Global firm partners with SA consultancy to pursue civil engineering hydraulics opportunites

7th March 2014 By: Zandile Mavuso - Creamer Media Senior Deputy Editor: Features

Rising demand for large infrastructure devel- opment in Southern Africa, coupled with increasing concerns about water security and environmental management, has led to the launch of a partnership between international civil engineering hydraulics specialist HR Wallingford and South Africa-based environ- ment consultancy firm Fourth Element in January.

HR Wallingford regional business development representative Thierry Rault notes that despite the current skills levels and knowledge in civil engineering hydraulics in South Africa being very high, HR Wallingford and Fourth Element share a tradition of using highly specialised tools to assess water and environment-related issues.

“The knowledge and technologies offered by the partnership vary from a world-class understanding of sediment dynamics – whether in soft water environments or on the marine side – to innovative solutions for flood-alleviation schemes. Also, the ability to offer postflooding evacuation strategies and unmanned surveying boats designed to rapidly survey dam reservoirs, for instance, are some of the expertise that this partnership brings to the market,” he says.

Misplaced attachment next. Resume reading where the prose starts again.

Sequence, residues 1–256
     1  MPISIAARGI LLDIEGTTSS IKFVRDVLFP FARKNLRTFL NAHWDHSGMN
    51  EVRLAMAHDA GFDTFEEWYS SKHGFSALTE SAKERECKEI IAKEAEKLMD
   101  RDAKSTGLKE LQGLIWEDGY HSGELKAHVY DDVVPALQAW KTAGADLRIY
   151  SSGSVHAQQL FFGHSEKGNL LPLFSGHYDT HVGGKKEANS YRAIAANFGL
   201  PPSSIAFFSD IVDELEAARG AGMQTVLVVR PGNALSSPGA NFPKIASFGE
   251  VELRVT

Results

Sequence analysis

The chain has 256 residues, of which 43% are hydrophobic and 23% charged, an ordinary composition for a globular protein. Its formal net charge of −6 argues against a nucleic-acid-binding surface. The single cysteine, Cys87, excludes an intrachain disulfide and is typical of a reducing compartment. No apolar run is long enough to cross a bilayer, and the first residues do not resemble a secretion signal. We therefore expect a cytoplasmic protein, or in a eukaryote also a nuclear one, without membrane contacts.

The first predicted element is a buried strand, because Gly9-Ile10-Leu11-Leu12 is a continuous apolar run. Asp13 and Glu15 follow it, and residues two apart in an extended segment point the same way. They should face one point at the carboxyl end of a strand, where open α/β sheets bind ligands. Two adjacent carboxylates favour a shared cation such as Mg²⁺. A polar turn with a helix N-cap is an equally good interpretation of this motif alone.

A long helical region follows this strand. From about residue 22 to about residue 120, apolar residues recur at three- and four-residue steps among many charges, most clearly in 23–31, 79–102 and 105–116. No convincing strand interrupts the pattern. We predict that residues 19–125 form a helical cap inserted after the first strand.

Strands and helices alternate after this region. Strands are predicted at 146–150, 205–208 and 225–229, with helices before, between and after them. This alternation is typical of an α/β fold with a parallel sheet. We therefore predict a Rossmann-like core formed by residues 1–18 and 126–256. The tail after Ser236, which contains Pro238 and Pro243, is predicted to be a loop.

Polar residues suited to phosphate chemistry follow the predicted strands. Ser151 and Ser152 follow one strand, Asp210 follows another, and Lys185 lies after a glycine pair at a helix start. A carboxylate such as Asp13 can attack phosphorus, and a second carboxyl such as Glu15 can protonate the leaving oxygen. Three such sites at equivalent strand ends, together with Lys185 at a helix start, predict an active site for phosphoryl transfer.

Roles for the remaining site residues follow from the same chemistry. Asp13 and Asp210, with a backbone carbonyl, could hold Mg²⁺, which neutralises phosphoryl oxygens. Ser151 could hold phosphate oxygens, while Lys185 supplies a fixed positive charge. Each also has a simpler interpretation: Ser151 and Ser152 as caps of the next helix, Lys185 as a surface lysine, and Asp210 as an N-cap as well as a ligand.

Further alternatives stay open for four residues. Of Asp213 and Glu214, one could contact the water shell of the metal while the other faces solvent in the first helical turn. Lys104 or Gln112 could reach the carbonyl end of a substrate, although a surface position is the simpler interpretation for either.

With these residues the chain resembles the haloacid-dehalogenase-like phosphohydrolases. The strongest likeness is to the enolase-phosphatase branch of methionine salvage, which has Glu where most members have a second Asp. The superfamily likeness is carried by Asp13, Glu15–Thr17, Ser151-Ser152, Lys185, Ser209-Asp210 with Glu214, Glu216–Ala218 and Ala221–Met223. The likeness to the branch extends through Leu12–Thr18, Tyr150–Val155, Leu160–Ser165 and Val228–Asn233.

Fourth Element MD Stuart Dunsmore highlights that both companies have considerable experience in large infrastructure development and they provide a range of specialist hydraulic and water-resource services that support sus- tainable planning and design.

“This will lead to sound and sustainable solutions that combine experience and understanding of the risks of undertaking large and complex infrastructure developments,” he points out.

Africa’s economy evidently has resource-base potential for the future, highlights Rault, adding that whether through oil and gas or minerals, the requirements for infrastructure that derive from this will be the key targets of the partnership.

The partnership is involved in projects in South Africa, for example, in managing floods on the lower Orange river, in the Northern Cape, which also entails the involvement of the departments of agriculture, and rural development and land reform.

“We regard this first year as a phase where we make the local and international market aware of our services in the region. We hope the Orange river project will show the benefit of this partnership as the results start to emerge in the second half of 2014. Promising opportunities in South Africa and Mozambique will hopefully be realised before year-end

,” he says.